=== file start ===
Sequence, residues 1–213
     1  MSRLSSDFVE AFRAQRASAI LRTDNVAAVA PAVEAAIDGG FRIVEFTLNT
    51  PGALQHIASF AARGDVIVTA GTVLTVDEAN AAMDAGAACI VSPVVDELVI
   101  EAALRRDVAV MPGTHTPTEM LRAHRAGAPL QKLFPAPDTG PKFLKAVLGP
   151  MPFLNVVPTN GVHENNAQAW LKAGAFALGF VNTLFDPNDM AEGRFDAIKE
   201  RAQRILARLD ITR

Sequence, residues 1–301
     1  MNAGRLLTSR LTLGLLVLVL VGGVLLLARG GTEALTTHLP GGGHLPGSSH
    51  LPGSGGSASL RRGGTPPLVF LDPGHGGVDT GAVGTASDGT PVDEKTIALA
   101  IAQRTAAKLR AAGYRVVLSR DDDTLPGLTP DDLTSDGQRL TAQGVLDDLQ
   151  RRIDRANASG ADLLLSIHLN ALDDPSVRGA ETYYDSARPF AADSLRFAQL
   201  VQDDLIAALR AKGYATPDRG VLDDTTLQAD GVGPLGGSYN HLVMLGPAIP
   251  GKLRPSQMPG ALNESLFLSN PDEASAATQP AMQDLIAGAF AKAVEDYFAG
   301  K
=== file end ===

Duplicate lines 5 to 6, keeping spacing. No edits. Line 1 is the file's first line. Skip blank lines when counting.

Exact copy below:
   151  MPFLNVVPTN GVHENNAQAW LKAGAFALGF VNTLFDPNDM AEGRFDAIKE
   201  RAQRILARLD ITR